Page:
The Lowdown on Corktown

Your Typical Neighbour

Young professional. Very possibly works in the arts, as the many work/live spaces are conducive to creative pursuits, as well being close to a number of Toronto’s film studios. First time buyers are also taking advantage of the recent flood of chic studio and live/work spaces.

What We

Once considered a seriously ‘no night walking’ district, the gentrification spark has caught and there are some great investment opportunities to be had here, especially as West Donlands development continues.

What We Don't

There’s still a lack of retail and culture at your door here, although this is likely to continue changing. For now there’s a bit of a walk to the nearest grocery store.

It’s important to note that in Corktown the majority of sales in any given (recent) year are condos. Of the few freehold homes available, many of the Victorian row houses in Corktown date as far back as the 1850’s and represent some of the oldest examples of the architecture in the city. They also represent some of the smallest! Used originally as workers cottages for the many local factories, they are located on narrow streets nestled between more major thoroughfares. There are some cute spaces to be found here, although be aware that some can be as narrow as 12 feet wide!

There are also a number of unique live/work options in this area, as many industrial and commercial spaces are being repurposed into attractive studios; for those who choose to simply live vs. work here, the commute to the downtown core is quick and easy.

Overall, the surge in development spurred on by Pan Am preparation is lighting a fire under the changes that have been anticipated here for quite some time. And the development isn’t showing signs of stopping anytime soon - Corktown and its neighbours are really just beginning to come into their own. We anticipate this will continue to be a neighbourhood worth watching, and we’re fascinated to see what the post-sporting frenzy brings on the Real Estate front.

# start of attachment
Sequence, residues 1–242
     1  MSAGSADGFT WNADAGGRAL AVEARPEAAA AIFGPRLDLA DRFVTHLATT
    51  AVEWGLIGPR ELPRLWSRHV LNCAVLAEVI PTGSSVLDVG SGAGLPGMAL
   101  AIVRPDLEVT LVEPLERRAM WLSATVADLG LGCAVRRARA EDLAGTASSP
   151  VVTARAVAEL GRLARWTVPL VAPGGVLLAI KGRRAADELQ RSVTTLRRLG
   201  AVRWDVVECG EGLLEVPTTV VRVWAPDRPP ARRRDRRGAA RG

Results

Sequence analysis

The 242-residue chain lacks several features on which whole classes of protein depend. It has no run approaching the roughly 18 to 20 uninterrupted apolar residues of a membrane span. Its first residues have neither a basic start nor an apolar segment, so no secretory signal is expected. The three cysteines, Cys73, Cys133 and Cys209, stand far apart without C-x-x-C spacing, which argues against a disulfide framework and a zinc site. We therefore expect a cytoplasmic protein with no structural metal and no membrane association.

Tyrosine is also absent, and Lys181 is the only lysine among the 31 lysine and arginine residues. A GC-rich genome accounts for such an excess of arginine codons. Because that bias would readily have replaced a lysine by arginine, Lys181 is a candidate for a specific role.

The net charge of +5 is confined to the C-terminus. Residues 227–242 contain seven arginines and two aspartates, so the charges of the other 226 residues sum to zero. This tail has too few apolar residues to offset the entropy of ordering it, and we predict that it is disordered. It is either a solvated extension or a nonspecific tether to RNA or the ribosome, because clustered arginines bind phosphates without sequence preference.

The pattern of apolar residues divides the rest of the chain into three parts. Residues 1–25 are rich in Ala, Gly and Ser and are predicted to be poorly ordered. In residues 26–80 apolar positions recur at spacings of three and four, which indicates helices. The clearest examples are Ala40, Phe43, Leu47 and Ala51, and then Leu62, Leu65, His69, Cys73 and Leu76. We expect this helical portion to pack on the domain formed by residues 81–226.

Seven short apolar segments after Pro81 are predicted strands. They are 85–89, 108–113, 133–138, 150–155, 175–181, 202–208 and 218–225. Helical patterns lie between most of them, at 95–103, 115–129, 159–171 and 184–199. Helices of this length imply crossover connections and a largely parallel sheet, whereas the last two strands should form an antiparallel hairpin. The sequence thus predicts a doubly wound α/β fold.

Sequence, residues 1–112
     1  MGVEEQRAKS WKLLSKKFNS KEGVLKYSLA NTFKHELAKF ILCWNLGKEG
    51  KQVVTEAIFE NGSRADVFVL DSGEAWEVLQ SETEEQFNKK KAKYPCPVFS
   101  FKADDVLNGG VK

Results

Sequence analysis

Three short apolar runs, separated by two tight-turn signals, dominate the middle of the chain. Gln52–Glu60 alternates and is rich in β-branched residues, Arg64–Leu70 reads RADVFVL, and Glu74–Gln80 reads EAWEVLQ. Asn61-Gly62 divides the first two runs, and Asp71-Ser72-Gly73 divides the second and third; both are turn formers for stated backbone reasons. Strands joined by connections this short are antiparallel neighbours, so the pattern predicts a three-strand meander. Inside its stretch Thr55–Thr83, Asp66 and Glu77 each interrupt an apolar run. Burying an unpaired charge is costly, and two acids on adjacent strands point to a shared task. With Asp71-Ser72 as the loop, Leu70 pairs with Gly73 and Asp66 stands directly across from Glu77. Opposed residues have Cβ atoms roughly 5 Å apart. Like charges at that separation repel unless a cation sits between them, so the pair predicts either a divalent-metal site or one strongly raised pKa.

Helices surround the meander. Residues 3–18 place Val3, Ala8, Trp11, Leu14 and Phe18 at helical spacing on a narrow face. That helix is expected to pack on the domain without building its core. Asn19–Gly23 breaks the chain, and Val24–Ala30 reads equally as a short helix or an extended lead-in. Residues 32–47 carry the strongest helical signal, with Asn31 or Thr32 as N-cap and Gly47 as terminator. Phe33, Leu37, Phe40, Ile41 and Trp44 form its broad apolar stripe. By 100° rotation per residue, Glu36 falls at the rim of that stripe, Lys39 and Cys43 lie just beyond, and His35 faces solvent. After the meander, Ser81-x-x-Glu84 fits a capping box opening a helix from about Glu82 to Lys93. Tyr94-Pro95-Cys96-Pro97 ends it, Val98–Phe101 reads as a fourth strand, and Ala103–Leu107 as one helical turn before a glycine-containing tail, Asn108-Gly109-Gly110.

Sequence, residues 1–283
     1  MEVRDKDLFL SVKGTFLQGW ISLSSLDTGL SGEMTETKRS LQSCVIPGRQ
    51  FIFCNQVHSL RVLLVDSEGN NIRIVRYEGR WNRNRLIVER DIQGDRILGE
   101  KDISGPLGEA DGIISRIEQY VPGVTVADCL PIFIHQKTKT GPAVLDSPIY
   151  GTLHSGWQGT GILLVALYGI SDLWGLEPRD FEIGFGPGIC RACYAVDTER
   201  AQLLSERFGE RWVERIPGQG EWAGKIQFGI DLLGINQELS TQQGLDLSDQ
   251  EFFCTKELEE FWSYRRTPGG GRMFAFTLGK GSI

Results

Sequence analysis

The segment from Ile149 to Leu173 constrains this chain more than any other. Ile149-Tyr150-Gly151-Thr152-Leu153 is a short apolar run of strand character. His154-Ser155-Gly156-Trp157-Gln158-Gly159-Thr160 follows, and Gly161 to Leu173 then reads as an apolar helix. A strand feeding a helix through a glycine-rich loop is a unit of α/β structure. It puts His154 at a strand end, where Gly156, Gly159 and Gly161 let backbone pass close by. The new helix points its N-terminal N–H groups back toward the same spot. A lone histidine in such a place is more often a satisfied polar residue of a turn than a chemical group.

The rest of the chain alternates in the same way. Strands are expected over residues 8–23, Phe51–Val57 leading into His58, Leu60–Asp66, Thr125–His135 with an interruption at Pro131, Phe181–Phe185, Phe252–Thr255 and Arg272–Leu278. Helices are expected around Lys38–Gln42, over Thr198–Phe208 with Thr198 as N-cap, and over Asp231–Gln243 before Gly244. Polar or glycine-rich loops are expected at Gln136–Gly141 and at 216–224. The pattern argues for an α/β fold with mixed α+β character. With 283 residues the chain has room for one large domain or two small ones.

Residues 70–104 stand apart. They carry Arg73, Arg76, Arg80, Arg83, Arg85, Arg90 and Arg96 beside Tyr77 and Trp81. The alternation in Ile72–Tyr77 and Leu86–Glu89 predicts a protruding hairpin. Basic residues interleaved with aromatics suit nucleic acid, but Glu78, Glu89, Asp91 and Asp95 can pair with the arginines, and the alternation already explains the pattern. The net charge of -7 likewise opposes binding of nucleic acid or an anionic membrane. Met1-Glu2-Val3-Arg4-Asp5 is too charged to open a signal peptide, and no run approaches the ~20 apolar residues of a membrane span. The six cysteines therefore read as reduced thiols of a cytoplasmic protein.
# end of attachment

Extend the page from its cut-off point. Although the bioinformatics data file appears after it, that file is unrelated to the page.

HOUSE STATS

2013 2014 2015
AVERAGE PRICE $682,385 $753,003 $1,067,672
PRICE: Low-High $380,000-$1,606,000 $480,000-$1,980,000 $685,000-$1,549,000
AVERAGE DAYS ON MARKET 12 17 34
# OF SALES 22 29 9

CONDO STATS

2013 2014 2015
AVERAGE PRICE $415,813 $447,638 $453,251
PRICE: Low-High $28,000-$985,000 $33,000-$1,575,000 $30,000-$1,950,000
AVERAGE DAYS ON MARKET 27 22 24
# OF SALES 332 346 372

Area: 1km

Population: 16,310

Demographics

Kids: 8%

Youth: 11%

Seniors: 8%

Visible Minority: 19.8%

Average Family Income: $93,734

Education

Lower Education: 17.4%

Higher Education: 19.8%

Home Ownership

Owned Homes: 41%

Tenanted Homes: 59%

Schools are nearby, though the options are limited. Given the area is in the earliest stages of being reclaimed from industrial wasteland, this is perhaps not surprising.

ELEMENTARY SCHOOLS

Nelson Mandela Park Public School
St. Paul Catholic School

Extremely convenient transit is right outside the door, and getting better as development increases and the city prepares for the need to transport the masses to and from the Pan Am athlete’s village. Easy access to the DVP and Gardiner keep drivers happy.

About Corktown

Just south of Regent Park and north of the Gardiner Expressway we find Corktown. Nobody really knows 110% for certain how the neighbourhood gained it’s name. There are theories, yes, there are two. Firstly, many believe ‘Corktown’ is a name that pays tribute to its originally (predominantly) Irish-settled community – in which many of these people emigrated from County Cork in Ireland. The second theory, is that the area’s name is due to the presence of cork-stopping manufacturers, breweries, and distilleries. To this day, we don’t know what one is right – so I guess you could say we have choices.

Today, Corktown’s once very ‘blue-collar’ demographic has changed.Once abandoned, or unkept, homes are now host to Toronto professionals, and families, drawn to the area’s classic and historically-rich charms.In fact, some of the city’s oldest homes (dating back to 1850) are found in Corktown. We can now see British, and Victorian, style rowhouses peppering residential streets, while converted industrial and multi-use buildings, sprinkle laneways and side streets.

Walking through Corktown it’s easy to see the positive effects of the reshaping, and investment, in Regent Park (to the north) as well as the massive West Don Development project. It is estimated that these projects will bring thousands of new residents to this central area and help promote prosperity for local businesses and residential investors.

Excellent shopping, fine restaurants, cafes, art galleries, boutiques, and artisanal goods, can all be found within walking distance from Corktown. Proximity to both the St.Lawrence Market and Toronto’s historic Distillery District make this a highly coveted neighbourhood that will only continue to improve.


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